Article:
Sometimes in the spring there is a scent in the forest like mint.
Sometimes in the fall there is a scent like tea, and the leaves are the color of tea.
You descend into a deep chasm thick with spruce and fir. You are near the sea, and it is rainy and wet, and you have to slap through the salmonberry and fern that hang over the path. Before long you are soaked clear through.
When you arrive at the bottom, something seems to change. The trees seem to pull back. The birds begin to sing as if you are approaching some ceremony.
But it is just a meadow, with a stream.
Clear water flowing over smooth, gray stones.
Wisdom comes forth from the mouth of God and covers the earth like mist, says Sirach. You can see it it now, hanging in the spruce and the hemlock above Nestucca Bay.
Wisdom comes forth from the mouth of God and pours on the earth like hard, winter rain. It runs in the gutters and swells the streams, flooding the fields of the Little Nesctucca.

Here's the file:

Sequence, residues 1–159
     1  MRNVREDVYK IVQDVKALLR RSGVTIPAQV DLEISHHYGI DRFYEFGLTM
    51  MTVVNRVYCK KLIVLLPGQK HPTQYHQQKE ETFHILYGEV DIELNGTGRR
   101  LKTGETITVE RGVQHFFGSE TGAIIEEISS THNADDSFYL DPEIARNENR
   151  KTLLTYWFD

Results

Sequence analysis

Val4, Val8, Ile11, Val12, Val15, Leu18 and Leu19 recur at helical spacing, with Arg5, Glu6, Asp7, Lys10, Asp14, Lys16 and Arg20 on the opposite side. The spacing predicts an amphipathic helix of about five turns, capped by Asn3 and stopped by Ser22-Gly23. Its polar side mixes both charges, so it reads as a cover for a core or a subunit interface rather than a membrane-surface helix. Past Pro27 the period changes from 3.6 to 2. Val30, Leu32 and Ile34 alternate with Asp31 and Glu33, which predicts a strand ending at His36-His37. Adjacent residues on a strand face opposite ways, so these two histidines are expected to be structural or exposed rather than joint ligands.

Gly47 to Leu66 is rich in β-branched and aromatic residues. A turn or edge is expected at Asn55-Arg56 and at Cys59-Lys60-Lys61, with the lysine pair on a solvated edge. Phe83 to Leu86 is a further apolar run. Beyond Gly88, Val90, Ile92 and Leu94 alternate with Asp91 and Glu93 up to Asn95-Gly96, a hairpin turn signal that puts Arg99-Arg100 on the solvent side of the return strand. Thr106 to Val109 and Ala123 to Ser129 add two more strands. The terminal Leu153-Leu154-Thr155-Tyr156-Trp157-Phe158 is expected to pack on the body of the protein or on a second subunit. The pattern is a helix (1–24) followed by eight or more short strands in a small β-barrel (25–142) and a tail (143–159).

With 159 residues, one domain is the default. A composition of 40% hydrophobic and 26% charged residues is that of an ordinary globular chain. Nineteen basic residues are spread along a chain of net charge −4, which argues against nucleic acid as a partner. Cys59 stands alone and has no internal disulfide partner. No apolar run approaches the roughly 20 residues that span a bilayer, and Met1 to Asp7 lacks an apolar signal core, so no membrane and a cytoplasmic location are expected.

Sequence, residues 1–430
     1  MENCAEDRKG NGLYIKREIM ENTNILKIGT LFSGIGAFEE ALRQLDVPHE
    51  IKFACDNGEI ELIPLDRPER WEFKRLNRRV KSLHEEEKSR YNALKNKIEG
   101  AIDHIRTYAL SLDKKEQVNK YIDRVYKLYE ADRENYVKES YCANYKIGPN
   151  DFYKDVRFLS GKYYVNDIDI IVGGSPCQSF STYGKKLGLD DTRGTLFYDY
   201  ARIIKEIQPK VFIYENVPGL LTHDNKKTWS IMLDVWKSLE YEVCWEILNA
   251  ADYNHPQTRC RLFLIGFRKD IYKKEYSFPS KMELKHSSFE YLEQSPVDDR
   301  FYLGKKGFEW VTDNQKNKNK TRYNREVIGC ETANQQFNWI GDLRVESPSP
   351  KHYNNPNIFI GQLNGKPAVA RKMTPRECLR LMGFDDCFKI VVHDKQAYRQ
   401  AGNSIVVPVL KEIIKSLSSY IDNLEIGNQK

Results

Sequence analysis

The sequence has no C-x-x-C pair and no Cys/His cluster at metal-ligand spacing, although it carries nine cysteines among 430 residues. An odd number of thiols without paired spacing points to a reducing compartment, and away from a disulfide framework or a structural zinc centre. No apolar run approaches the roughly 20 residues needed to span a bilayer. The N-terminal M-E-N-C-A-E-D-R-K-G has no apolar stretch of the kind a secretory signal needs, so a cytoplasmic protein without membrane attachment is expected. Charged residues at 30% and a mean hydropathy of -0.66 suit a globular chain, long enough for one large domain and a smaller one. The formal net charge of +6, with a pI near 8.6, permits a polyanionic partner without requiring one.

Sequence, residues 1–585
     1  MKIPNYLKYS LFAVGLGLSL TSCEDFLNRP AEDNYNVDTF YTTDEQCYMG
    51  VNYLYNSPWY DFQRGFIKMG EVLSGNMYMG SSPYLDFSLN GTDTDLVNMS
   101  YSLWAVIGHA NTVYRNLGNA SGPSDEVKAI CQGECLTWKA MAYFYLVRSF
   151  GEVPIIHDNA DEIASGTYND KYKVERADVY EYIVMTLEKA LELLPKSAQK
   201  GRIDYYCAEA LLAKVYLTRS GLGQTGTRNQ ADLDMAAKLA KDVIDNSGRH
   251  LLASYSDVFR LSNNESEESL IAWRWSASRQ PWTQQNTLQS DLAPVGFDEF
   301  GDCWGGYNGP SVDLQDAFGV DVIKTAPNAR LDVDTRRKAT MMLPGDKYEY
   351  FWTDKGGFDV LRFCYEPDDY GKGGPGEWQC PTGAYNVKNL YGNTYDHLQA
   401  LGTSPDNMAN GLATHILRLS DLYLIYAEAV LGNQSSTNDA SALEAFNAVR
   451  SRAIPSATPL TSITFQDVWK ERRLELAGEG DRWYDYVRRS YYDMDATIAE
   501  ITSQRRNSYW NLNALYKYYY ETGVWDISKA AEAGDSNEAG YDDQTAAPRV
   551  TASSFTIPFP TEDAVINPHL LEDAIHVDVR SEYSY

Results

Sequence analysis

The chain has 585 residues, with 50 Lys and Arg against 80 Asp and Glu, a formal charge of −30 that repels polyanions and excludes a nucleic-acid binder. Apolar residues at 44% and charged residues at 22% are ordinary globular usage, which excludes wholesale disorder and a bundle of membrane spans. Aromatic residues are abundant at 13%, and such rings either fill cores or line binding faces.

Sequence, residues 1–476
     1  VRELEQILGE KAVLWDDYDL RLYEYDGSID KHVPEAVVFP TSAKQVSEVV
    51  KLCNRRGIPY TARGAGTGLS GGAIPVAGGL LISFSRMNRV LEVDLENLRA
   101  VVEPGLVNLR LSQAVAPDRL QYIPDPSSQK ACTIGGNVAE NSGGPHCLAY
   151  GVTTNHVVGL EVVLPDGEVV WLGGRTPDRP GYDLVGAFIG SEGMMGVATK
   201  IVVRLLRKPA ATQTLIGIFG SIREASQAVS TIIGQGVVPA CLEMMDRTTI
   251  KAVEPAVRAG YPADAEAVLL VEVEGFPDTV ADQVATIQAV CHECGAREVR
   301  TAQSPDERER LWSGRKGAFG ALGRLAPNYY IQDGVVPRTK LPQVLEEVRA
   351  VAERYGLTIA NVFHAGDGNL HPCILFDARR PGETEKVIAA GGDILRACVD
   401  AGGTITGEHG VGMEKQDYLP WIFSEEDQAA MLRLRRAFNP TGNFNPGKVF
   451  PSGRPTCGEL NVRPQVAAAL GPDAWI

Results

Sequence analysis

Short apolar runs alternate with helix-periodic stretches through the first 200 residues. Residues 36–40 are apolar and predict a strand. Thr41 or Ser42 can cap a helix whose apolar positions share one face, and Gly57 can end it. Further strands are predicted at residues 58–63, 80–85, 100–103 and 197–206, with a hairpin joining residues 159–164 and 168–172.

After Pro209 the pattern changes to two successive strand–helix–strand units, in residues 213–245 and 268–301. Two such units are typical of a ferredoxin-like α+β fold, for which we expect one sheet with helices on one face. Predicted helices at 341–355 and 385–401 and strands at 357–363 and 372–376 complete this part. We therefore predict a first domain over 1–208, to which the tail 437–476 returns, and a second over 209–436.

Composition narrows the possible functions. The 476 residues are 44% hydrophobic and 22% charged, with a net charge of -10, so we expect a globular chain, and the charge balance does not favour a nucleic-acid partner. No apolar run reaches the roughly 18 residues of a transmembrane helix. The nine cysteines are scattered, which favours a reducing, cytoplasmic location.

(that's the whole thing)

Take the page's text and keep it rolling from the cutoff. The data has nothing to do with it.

Wisdom comes forth from the mouth of God and breaks through the trees like sun. It steams the back of the doe that nibbles in the yard.
You have been out walking, looking for God.
She doesn’t startle. She lifts her head and shows you her large, empty eyes, her chin going round and round, and for the first time in your life you can hear her ruminating. Loud and clear as a kid eating cornflakes.
Every morning I am given all this wisdom, and every afternoon I throw it all away.
I can’t pray. I can only walk: the forest is my audience.
There is a hill behind me, and it has always been behind me, and it has been given to me climb, especially in the summer and in the morning when it is cool and soft and I can tell the trees all know and love me.
If I were to die at the top, overlooking the valley, if my body were to drop the trees wouldn’t move. They would never leave me.
They would just keep rising.